DIY Coin Mechanism for Vending Machine III

'Ladies and Gentlemen, Behold! I present you an improved homemade Coin slot mechanism.' [Great for you MAME project if you don't plan to make a Vending machine] (4/19/2009)


DIY Coin Slot mechanism III First of all, I own you an apology guys. Somehow I didn't post the photos and instructions about this project. I made it last year and I posted the video on Youtube. So, here are the details how I make my third DIY coin slot mech.


Lots of things were improved with this version: Smaller, able to accept different sizes of coins (adjustable) and can be build using metal, plastic, acrylic, wood or anything available for you (even cardboard but I don't think it will last longer).


I would like to mention: This project was possible thanks to my Honey Bun. She gave me a compound miter saw as gift last christmas and I used it to build this project.


This project was made using just 1/4" plywood, two screws and one coin switch. Tools needed are a compound miter saw, a phillips screwdriver, a ruler and a cutter.


Cutting a 6 by 2" piece First, I did cut a 6" by 2" piece of plywood (1/4" thick). I glued a thin piece of wood so it can guide the coin.


Square cut on the plywood I did cut an 2 1/2" x 1 1/4" area where rejected coins will fall.


Additional pieces I did cut two additional pieces, it will be used to reject bigger coins than the selected ones.


Glued both parts. I will install this piece but it will not be fixed with glue. It will be adjusted to select the size of the coin.


Cutting a 10 degree angle The coin mechanism uses the power of gravity, so I have to cut a 10 degree angle. The slope will make the coin mechanism to work.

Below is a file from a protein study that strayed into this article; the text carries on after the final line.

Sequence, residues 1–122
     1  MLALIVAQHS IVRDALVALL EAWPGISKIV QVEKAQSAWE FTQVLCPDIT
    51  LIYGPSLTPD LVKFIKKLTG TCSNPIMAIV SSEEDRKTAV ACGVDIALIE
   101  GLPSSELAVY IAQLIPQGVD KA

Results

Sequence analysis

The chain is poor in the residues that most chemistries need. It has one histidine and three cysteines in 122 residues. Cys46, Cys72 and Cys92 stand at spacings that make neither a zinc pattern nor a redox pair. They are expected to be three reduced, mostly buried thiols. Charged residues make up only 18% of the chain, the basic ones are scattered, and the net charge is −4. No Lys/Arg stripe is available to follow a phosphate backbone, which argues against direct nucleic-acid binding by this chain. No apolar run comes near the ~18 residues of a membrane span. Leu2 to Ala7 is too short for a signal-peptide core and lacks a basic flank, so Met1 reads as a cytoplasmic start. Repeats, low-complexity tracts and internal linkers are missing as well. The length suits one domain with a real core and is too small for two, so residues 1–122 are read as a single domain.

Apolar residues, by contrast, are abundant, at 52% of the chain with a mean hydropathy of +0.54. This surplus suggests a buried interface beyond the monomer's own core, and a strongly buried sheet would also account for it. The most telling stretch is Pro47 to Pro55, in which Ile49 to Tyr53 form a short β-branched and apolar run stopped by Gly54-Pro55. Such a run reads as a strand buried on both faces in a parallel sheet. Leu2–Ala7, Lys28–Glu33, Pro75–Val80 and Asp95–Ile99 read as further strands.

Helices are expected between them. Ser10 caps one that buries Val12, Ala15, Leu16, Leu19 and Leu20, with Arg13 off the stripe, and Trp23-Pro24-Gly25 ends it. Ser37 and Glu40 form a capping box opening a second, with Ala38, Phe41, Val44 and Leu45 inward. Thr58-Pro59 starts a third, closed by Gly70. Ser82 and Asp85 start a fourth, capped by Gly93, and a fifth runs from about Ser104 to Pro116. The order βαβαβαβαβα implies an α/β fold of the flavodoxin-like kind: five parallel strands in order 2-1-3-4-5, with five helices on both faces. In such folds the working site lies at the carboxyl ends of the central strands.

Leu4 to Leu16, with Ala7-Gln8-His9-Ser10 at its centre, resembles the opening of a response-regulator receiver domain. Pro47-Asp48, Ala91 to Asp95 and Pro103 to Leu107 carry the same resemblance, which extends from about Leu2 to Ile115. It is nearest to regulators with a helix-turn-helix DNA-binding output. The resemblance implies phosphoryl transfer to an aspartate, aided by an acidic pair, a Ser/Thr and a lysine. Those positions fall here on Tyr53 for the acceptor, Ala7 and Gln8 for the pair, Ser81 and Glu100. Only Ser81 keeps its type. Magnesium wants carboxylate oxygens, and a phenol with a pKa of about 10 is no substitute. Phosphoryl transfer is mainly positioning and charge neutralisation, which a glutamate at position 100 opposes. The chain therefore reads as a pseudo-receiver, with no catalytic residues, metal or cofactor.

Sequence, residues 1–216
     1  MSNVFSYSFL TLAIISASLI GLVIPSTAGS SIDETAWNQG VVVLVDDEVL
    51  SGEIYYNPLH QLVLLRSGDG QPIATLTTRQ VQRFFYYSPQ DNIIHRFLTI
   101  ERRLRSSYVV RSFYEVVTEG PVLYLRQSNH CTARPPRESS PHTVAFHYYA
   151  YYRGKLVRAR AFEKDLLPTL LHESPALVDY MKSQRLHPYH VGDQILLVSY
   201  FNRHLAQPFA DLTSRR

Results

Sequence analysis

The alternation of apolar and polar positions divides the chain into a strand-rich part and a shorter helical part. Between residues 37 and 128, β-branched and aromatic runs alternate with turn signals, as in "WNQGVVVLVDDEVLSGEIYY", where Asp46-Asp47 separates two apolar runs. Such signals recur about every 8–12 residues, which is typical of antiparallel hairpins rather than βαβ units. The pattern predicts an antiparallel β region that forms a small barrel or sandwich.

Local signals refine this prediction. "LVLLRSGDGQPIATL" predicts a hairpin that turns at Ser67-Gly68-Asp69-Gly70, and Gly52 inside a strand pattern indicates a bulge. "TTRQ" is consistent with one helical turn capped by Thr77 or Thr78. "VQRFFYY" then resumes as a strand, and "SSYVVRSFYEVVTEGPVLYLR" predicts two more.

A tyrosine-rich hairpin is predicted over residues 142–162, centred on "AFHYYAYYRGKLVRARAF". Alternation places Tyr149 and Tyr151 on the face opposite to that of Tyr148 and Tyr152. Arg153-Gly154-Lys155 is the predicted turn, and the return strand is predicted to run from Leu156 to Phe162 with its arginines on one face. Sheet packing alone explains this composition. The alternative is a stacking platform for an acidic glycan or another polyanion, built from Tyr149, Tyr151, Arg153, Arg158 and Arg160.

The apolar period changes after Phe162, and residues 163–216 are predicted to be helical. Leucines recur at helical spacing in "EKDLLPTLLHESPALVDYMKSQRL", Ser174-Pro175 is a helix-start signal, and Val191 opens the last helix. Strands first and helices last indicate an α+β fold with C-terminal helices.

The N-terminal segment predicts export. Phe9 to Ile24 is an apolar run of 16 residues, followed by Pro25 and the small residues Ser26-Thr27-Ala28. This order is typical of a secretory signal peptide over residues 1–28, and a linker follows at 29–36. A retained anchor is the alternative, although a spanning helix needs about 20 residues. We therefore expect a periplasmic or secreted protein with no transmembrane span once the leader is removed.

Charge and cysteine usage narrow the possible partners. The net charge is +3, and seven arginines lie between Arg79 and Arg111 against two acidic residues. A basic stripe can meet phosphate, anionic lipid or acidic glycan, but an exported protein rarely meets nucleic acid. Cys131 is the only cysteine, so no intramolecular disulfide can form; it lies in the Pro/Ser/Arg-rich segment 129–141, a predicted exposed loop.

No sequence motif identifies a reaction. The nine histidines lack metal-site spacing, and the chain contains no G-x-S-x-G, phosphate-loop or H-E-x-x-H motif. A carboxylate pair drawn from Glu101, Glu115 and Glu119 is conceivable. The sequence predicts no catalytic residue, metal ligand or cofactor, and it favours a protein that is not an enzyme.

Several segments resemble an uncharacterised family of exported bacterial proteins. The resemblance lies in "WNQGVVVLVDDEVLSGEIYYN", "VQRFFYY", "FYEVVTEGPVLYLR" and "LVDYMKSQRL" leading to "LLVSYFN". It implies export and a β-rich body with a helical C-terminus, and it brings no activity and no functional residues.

Two additional cuts. Two additional parallel cuts are needed to adjust the size of the coin. Separation of the cuts are about 3/8 but it doesn't really matter.


The coin slot is ready. I did cut the coin slot exactly the same way as I did on the previous version of the Coin Slot mechanism


Drilling 2 small holes Installing the coin rejector I drilled two small holes in one side of the additional piece. Separation of the holes needs to be exactly the separation of the two cuts.


As I did mention before, the additional part should not be fixed with glue, two screws will attach it and allow to adjust the size of the coin.


A third additional piece Measure the size of the coin. I didn't expected it, but anothe piece of wood is needed to push away bigger coins. After the 'triangle-shaped' piece of wood is glued, now we can measure the size of the coin.


Using two nickels (5 cents) can select the exact size of the coin. Any other coin size will fall and not reach the end of the wood rail.


Here is a photo showing what happen when a quarter is inserted:


A quarter is rejected.


Cutting the excess wood. Tightening Screws Cutting the excess wood...


... and tightening the screws after the size of the coin is selected.


Cutting the end of the coin ramp. Gluing the mechanism It is almost done, we need just to cut the end of the coin ramp and glue it to the coin slot.


After a while the glue will dry.


Finally, It's done!


Side view Back view Here is how it looks like:


The coin slot have a 15 degree angle. The coin ramp have a 10 degree angle. The square cut will allow smaller coins to fall. Bigger coins will be pushed out. The picture at the right side will show the path of the coin selected.


Oops... That will work. OOPS! bigger coins doesn't fit. I can leave it like that so no big coins can be accepted but someone pushing harder will break the mechanism.


A small cut will fix it.


Coin Mech is ready Coin Switch installed. Ok, it's done.


A nickel goes flawless to the end of the ramp, the quarter just flips and falls.


The last step is just installing the coin switch at the end, so the coin falling will push it and activate the switch.


This is not a regular switch. A coin switch is quite expensive but it closes a circuit even when with little force is used to push the wire. Opticals switch are not a good idea because dust can cause mal functions.


Comparison As you can see, this improved DIY Coin slot mechanism for homemade vending machines is smaller than the previous version, also it uses less room and the size of the coin that will be accepted can be adjusted.


Here is a video that shows how it works:



Thanks to Noe Flores from California for sponsoring this project.


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